The Materiality of Stone: Explorations in Landscape Phenomenology

The Materiality of Stone: Explorations in Landscape Phenomenology

The Materiality of Stone: Explorations in Landscape Phenomenology

The Materiality of Stone: Explorations in Landscape Phenomenology

Synopsis

This book investigates the sensuous material qualities of stone--from golden honeycombed limestone, to frozen waves of Cambrian sandstone. Tactile sensations, sonorous qualities, color, and visual impressions are all shown to play a previously unrecognized yet vital part in understanding the power of prehistoric monuments, from Neolithic temples to Bronze Age rock carvings, in relation to their landscapes. Tilley breaks new ground in interpreting human experience in a sensuous way, rather than through an abstract analytical gaze. He leaves no stone unturned as he also considers how spaces and settings are interpreted in relation to artifacts and places that were deeply meaningful to the people who inhabited them and remain no less evocative today. In its innovative approach to understanding human experience, The Materiality of Stone is a major contribution to the field of material culture studies and the study of prehistory.

Excerpt

This book is the first in a projected series of three volumes concerned with landscape phenomenology and prehistory. It follows on from themes introduced in two previous works, A Phenomenology of Landscape (Tilley 1994) and Metaphor and Material Culture (Tilley 1999a). All the studies presented here are concerned with the significance of ‘natural’ and ‘cultural’ stones in various landscapes of prehistoric Europe from the Neolithic to the Iron Age. Chapter 1 discusses the phenomenological perspective of Merleau-Ponty in relation to bodies, places and landscapes. It provides the theoretical and conceptual basis for Chapters 2–4, which are detailed case studies designed to show the manner in which a phenomenological approach works out in the practice of doing research and interpreting archaeological materials.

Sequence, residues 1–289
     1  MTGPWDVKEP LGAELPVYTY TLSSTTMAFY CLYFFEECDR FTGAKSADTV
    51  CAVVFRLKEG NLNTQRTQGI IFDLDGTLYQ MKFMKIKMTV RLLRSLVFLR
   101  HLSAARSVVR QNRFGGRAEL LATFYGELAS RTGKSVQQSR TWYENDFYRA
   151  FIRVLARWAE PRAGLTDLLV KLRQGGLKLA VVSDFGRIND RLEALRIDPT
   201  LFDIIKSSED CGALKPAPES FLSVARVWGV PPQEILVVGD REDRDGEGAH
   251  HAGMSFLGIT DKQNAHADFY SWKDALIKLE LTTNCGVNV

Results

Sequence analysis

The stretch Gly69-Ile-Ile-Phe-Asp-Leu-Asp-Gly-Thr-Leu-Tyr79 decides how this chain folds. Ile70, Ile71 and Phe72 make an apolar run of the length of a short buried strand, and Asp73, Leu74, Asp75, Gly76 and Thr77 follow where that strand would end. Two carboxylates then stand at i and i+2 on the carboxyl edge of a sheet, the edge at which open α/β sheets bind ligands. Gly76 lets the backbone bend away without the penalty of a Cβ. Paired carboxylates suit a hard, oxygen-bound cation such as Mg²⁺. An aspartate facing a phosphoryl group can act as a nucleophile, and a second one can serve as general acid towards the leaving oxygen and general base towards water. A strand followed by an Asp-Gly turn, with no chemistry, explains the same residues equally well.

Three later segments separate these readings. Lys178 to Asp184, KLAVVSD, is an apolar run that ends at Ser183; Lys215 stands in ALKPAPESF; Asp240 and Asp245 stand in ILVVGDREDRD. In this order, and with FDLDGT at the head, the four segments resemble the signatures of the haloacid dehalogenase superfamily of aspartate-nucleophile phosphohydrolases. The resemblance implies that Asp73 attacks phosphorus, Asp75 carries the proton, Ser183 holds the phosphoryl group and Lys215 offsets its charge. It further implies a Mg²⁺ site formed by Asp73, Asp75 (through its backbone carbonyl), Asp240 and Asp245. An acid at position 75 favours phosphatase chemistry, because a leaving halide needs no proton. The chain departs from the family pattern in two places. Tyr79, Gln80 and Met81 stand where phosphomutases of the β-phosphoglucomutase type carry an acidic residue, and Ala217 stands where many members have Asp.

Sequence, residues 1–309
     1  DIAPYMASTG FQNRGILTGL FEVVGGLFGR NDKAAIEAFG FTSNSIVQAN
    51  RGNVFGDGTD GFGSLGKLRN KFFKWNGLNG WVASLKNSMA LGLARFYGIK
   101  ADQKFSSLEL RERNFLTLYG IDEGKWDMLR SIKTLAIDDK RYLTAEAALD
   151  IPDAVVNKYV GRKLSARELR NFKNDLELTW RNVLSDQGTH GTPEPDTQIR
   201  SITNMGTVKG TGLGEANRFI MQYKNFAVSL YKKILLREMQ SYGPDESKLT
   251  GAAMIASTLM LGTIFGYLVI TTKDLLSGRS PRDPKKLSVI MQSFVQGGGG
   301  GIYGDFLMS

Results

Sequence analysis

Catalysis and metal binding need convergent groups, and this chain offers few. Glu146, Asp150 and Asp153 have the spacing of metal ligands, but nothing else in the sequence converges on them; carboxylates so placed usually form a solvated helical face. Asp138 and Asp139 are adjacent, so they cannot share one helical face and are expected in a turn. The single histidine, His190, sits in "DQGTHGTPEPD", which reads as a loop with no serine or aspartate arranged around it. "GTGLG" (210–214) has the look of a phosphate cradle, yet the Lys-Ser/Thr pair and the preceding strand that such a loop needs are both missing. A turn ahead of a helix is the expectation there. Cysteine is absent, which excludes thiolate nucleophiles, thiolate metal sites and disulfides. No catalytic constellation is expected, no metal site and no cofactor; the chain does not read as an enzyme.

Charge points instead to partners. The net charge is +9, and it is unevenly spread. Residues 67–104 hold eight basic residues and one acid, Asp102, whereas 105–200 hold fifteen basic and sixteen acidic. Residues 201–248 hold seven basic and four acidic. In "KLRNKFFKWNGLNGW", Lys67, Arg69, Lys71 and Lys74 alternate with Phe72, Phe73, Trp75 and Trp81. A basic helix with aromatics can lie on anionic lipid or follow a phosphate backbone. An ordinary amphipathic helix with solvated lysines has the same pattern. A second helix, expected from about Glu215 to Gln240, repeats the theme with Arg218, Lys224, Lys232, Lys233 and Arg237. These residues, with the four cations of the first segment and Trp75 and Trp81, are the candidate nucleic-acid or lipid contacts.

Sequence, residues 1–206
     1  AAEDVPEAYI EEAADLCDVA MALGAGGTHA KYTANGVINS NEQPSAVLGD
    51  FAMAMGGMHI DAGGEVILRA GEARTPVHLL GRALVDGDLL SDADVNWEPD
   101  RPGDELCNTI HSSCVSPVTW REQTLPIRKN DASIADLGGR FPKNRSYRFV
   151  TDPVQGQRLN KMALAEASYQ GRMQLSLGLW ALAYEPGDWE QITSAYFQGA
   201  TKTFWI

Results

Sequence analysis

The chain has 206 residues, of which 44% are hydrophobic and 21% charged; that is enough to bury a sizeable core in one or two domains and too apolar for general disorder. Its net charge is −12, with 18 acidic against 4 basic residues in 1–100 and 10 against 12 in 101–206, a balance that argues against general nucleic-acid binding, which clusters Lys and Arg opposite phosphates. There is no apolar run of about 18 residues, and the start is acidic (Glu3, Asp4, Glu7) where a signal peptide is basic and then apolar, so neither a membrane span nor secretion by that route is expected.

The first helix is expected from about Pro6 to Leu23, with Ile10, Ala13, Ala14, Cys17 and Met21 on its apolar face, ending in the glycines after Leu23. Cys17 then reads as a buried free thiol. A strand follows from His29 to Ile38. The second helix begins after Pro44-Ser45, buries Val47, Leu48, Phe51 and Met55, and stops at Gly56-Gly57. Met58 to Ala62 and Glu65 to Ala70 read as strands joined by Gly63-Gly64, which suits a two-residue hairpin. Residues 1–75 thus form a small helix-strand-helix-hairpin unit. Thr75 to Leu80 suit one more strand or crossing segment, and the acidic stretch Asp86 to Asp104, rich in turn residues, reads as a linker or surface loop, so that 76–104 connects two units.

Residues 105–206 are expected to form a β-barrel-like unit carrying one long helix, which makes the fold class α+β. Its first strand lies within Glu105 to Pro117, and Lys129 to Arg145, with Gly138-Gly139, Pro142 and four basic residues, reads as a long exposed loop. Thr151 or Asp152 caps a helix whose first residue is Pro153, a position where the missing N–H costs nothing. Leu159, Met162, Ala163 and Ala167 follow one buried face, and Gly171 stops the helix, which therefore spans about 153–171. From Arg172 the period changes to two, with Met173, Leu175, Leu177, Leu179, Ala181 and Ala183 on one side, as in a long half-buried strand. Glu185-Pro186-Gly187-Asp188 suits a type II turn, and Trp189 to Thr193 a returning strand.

Chapter 2 is concerned with one generic class of Neolithic monuments, menhirs in the landscapes of Finistère, western Brittany, and is a large-scale regional analysis. Chapters 3 and 4 consider small-scale landscapes, roughly equivalent in size. Chapter 3 discusses the internal spaces and landscape settings of Neolithic temples in the Maltese islands and interprets them in relation to artefacts and substances and related places of burial. Chapter 4 is concerned with Bronze Age rock carvings in the far south-east of Sweden and their relationship to barrows and cairns and places where artefacts were deposited. in the Conclusions, issues of research methodology and interpretation are considered.

The book attempts to demonstrate the manner in which a phenomenological perspective, in which the past is understood and interpreted from a sensuous human scale, as opposed to an abstracted analytical gaze, can provide a radically different way of thinking through the past in the present, and shed new light on old monuments.

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